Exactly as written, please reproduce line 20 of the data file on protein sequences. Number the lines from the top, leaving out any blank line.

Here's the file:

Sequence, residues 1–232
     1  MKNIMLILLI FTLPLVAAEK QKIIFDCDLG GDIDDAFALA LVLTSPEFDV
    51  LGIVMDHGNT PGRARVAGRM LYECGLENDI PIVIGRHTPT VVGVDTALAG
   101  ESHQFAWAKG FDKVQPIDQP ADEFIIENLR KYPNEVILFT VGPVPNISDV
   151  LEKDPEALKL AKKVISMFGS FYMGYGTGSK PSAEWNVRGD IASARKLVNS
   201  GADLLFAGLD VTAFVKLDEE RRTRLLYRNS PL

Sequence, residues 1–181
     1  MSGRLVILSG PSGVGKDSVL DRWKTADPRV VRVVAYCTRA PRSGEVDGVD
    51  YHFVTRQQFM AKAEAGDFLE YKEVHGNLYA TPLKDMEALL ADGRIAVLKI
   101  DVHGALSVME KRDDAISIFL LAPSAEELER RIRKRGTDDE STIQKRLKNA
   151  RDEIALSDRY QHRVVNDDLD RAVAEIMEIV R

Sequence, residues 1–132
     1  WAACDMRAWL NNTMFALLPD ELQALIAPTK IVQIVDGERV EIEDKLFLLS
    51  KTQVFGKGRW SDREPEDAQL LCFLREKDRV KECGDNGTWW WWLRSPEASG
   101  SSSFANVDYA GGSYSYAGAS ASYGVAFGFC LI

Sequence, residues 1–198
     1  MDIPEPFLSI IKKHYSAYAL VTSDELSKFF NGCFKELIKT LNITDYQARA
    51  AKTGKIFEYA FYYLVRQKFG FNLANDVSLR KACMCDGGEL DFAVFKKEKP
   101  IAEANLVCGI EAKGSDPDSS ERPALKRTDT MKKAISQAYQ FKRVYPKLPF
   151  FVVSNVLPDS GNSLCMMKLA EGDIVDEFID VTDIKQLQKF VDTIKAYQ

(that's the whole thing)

   151  FVVSNVLPDS GNSLCMMKLA EGDIVDEFID VTDIKQLQKF VDTIKAYQ